Social media and kids: how to safely grow up online?

Kinderling Kids Radio

Categories: Parenting Tips

Technology and social media are allowing many children to grow up online and digitally record their lives. But at what cost? As a parent you should always exercise good cyber judgement regarding social media and kids.Consider what are the possible implications of your posts’ digital footprint for the future.

This content was provided by Kinderling, a Playgroup NSW partner.

The quick advancement of technology is allowing many children to grow up online with digital records of their lives. As parents, you may delight in sharing your children’s milestones and unique moments with the world. But are you aware about the possible implications when it comes to digital presence, social media and kids? 

Technology and social media can be seen as a double-edged sword, there are many benefits but you shouldn’t ignore the risks. It’s a tricky terrain.

As such, Kinderling Conversation spoke to eSafety Commissioner Julie Inman Grant and Amanda Third, Principal Research Fellow in Digital Social and Cultural Research at Western Sydney University. According to Amanda, parents now have the idea that their child has rights and opinions when it comes their digital footprint. The decision to post and share might not be easy but consideration is necessary.

To simplify this ‘sharenting’ dilemma, the two researchers offered their expert tips to educate parents on how to post online.

Let your kids know before you post about them

Have you ever talked to your children about posting their pictures online? The conversation will obviously depend on their age but it’s about modeling the right behaviours, as Julie explained. It’s important to talk to your children before sharing content about them.

Besides respecting and considering the opinion of your children, you also get to show how engaged you are in their online lives. This way you can establish a consistent two-way communication and be part of their digital world as early as possible.

At the end of the day, this is a complex process with a learning curve. Parents won’t always get it right, explained Amanda.
But these conversations are healthy and they help children to understand what it means to be online. It also provides them with knowledge about how to respond to certain online events.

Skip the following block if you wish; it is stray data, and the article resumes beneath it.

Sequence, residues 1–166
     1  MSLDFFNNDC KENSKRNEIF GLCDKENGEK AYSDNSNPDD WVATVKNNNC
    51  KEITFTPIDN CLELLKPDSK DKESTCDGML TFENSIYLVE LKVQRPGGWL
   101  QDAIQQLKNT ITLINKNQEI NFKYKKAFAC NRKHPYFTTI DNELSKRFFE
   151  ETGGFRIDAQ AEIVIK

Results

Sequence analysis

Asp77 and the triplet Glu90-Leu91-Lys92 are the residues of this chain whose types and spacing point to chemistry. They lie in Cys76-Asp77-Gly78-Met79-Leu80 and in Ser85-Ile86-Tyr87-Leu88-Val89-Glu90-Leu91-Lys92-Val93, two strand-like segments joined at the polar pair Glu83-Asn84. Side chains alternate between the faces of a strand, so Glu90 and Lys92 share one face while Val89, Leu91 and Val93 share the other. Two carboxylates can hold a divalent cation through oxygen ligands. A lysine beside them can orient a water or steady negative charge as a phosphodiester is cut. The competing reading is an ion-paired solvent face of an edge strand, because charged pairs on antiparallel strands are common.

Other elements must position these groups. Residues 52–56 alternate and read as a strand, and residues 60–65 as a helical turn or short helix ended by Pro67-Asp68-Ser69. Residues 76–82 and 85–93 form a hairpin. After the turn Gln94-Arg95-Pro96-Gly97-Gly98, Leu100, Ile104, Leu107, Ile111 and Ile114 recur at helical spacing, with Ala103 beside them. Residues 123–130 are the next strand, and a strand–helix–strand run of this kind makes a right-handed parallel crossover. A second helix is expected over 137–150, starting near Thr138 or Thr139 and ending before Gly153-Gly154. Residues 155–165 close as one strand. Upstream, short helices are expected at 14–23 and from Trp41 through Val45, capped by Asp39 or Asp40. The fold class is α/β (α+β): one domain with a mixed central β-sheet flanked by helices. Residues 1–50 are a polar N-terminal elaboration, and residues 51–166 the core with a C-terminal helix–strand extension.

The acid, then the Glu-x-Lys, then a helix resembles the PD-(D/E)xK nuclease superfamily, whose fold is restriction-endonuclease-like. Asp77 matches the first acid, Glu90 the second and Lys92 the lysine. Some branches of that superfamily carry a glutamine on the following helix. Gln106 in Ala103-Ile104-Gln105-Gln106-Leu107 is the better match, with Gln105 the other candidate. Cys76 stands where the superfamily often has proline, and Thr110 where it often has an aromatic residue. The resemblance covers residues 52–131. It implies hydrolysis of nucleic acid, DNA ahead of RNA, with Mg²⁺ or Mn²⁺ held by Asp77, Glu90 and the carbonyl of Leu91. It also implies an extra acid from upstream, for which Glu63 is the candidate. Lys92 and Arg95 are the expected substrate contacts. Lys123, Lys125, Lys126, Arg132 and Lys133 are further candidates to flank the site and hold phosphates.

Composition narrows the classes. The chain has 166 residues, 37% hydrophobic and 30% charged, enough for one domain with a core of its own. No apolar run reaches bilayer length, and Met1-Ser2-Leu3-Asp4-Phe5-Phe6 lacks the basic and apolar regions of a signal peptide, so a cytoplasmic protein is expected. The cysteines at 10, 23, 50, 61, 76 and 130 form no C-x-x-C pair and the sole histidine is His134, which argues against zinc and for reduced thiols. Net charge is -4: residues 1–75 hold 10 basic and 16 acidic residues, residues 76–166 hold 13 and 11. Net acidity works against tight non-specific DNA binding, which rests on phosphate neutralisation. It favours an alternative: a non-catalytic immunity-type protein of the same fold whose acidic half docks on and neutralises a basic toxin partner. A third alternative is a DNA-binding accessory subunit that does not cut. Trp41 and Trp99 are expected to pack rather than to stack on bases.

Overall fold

Get to know your child’s opinion about posting something

As a parent, your first impulse might be to share that lovely beach photo of your children on Facebook or Instagram. But did you ask your children what they think about it? Amanda encourages parents to listen and to respect a ‘no’ for an answer.

If they’re positive about sharing, then you have just strengthened your communication. If they don’t wish to share anything, then it’s very important to respect their decision, according to Amanda. It’s about replicating the type of behaviour you’d like them to use with others too.

Social media and kids doesn’t have to be a topic of constant worry and concern for parents. If there’s proper education, respect and understanding, then things can function in a rather healthy and balanced way.

You’re not seeking any sort of legal consent or permission here. It’s a matter of principle and ethics, to respect and be respected. Amanda mentioned that your child will be better prepared for the digital world.

What are the possible implications of your post?

It can be delightful to share precious moments with your friends and family. But as a parent, you need to first consider the e-safety and physical safety of your children, advised Julie.

Education and awareness can help both parents and children to protect themselves in the online world. For starters, talk about no-go zones as a family. Julie mentioned that any personally identifiable information, such as a full name and address should be protected at all times.

There is plenty you can do to help your children grow up online in a safe environment. For instance, do not display any school uniforms that disclose your child’s whereabouts and ensure their safety is not compromised.

When you look at the future, it’s difficult to know what can or might affect your child, as Amanda said. Society and cultures are transforming as technology evolves, so it’s a good idea to stick to some basic precautions and good sense.

For example, posting a nude picture of your kid is probably not a good idea… After all, you don’t know how that will be seen in the future.

Check your sharing options

In terms of sharing and privacy settings, the two researchers advise parents to increase their security and narrow the number of people who can see their children’s pictures. Changing the privacy setting to close friends and family is generally a great option.

This doesn’t mean you can’t share publicly, it just means you can take precautions. Always consider the safety and welfare of your child before publishing anything.

According to Amanda, parents should always consider the following question: “What kind of digital footprint does this post leave for my child in the future?”
On the other hand, privacy can be very broad and inconsistent. As Julie said, some parents are very protective, some agnostic, and then there are a lot of over-sharing too. To her, it’s about basic respect and courtesy.

She goes as far as saying that it’s all about thinking before you post - exercise good cyber judgement and teach the same to their kids.

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